The wassail bowl, of which the skull of an enemy would thus appear to have formed their beau idéal, is said to have been introduced by them. Rowena, the fair daughter of Hengist, presenting the British king, Vortigern, with a bowl of wine, and saluting him with “Lord King Wass-heil;” to which he answered, as he was directed, “Drine heile,” and saluted her then after his fashion, being much smitten with her charms. The purpose of father and daughter was obtained; the king married the fair cup-bearer, and the Saxons obtained what they required of him.
This is said to have been the first wassail in this land; but, as it is evident that the form of salutation was previously known, the custom must have been much older among the Saxons; and, indeed, in one of the histories, a knight, who acts as a sort of interpreter between Rowena and the king, explains it to be an old custom among them.
By some accounts, however, the Britons are said themselves to have had their wassail bowl, or lamb’s wool — La Mas Ubhal, or day of apple fruit — as far back as the third century, made of ale, sugar (whatever their sugar was), toast and roasted crabbs, hissing in the bowl; to which, in later times, nutmeg was added.
The followers of Odin and Thor drank largely in honor of their pagan deities; and, when converted, still continued their potations, but in honor of the Virgin Mary, the Apostles, and Saints; and the early missionaries were obliged to submit to this substitution, being unable to abolish the practice, which afterwards degenerated into drinking healths of other people, to the great detriment of our own. Strange! that even from the earliest ages, the cup-bearer should be one of the principal officers in the royal presence, and that some of the high families take their name from a similar office.
Sandys writes that one of the earliest wassail songs is that introduced by Dissimulation, disguised as a religious person, in Bale’s old play of Kynge Johan [1166-1216], about the middle of the sixteenth century [e.g., circa 1538]. He brings in the cup by which the king is poisoned, stating that it “passith malmesaye, capryck, tyre, or ypocras,” and then sings —
“Wassayle, wassayle out of the mylke payle,
Wassayle, wassayle as white as my nayle,
Wassayle, wassayle in snowe, froste, and hayle,
Wassayle, wassayle with partriche and rayle,
Wassayle, wassayle that muclie doth avayle,
Wassayle, wassayle that never wylle fayle.”
In Caxton’s Chronicle [circa 1480] the account of the death of King John represents the cup to have been filled with good ale; and the monk bearing it, knelt down, saying, “Syr, wassayll for euer the dayes so all lyf dronke ye of so good a cuppe.”
As we will see, there were many traditions associated with the practice of wassailing, reflecting the differing traditions of individual communities and regions.
In medieval times, as noted by Keyte and Parrott, in The Shorter New Oxford Book of Carols, wassailers had become were rural luck visitors who toasted householders from their communal bowl. Elizabeth Poston stated that it was a custom connected with children and the Waits, and which took place between Christmas and the New Year. Ian Bradley, quoting Strutt’s Sports and Pastimes of the People of England, explains that the wassail bowl was formerly carried about by young women on New-year’s eve, who went from door to door in their several parishes singing a few couplets of homely verses composed for the purposes, and presented the liquor to the inhabitants of the house where they called, expecting a small gratuity in return.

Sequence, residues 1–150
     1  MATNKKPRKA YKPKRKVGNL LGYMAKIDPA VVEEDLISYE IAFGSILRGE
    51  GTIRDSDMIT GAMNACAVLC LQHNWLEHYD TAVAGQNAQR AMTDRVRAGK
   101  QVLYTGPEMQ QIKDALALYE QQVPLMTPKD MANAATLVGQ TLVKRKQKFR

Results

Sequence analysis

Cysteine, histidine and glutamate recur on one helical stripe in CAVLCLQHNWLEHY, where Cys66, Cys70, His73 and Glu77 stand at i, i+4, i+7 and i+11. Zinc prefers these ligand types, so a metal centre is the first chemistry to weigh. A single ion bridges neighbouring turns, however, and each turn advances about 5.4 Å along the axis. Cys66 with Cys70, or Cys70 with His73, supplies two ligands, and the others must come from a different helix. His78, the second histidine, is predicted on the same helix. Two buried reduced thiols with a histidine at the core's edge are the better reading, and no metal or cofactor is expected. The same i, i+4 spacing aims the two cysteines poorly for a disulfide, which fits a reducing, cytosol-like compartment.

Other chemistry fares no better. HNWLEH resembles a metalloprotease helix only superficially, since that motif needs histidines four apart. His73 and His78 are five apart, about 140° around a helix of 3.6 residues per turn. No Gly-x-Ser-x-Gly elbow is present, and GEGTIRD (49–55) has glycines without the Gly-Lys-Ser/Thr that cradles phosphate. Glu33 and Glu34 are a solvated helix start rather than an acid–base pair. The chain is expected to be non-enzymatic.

As the song states, wassailers wouldn’t object to a bit of beer or cheese either.
Mumming is also an ancient pagan custom that was an excuse for people to have a party at Christmas! It means ‘making diversion in disguise’. The tradition was that men and women would swap clothes, put on masks and go visiting their neighbours, singing, dancing or putting on a play with a silly plot. The leader or narrator of the mummers was dressed as Father Christmas.
The custom of Mumming might go back to Roman times, when people used to dress up for parties at New Year. It is thought that, in the U.K., it was first done on St. Thomas’s day or the shortest day of the year.
Different types of entertainments were done in different parts of the U.K. In parts of Durham, Yorkshire and Devon a special sword dance was performed. There were also different names for mumming around the U.K. too. In Scotland it was known as ‘Gusards’ in Somerset, ‘Mumping’ in Warwickshire or ‘Thomasing’ and ‘Corning’ in Kent.
In Medieval times it had turned into an excuse for people to go begging round the houses and committing crimes. It became so bad that Henry VIII, made a law saying that anyone that was mumming wearing a mask would be put in prison for 3 months!
One poem that people said when mumming was:
Christmas is coming, the beef is getting fat,
Please drop a penny in the old mans hat.
Over the years, this was changed into a very similar poem that is said by some carol singers today:
Christmas is coming, the goose is getting fat,
Please put a penny in the old mans hat.
The early settlers from the U.K. took the custom of Mumming to Canada. It is known as Murmuring in Canada, but is banned in most places because people used it as an excuse for begging.
Mumming is still done in parts of the UK, USA and Canada.
03 The Cherry Tree Carol
04 intro to While Shepherds Watch
05 While Shepherds Watch
06 intro to Coventry Carol
07 Coventry Carol
08 intro to Divers & Lazarus
09 Divers & Lazarus
10 intro to King Herod & the Cock & The Miraculous
11 King Herod and the Cock – The Miraculous
12 intro to Joys Seven
13 Joys Seven
14 intro to The Bitter Withy
15 The Bitter Withy
16 intro to The Boar’s Head Carol
17 The Boar’s Head Carol
18 intro to Lord of the Dance
19 Lord of the Dance
20 program break, credits
21 Green Grow the Rushes-O
22 Intro to The Cutty Wren
23 The Cutty Wren
24 Intro to Wassailing
25 Somerset Wassail
26 intro to Pace Egging Song
27 Pace Egging Song
28 Intro to Queen Mary’s Men
29 Queen Mary’s Men
30 Intro to Sword Dancing
31 Sword Dance Tunes from the Village of Sleights
32 Intro to Glousteshire Wassail
33 Glousteshire Wassail
34 Intro to Apple Tree Wassail & Darby Ram
35 Apple Tree Wassail & Darby Ram
36 Closing remarks
37 The Wren / The King / Joy, Health, Love and Peace
38 outro, credits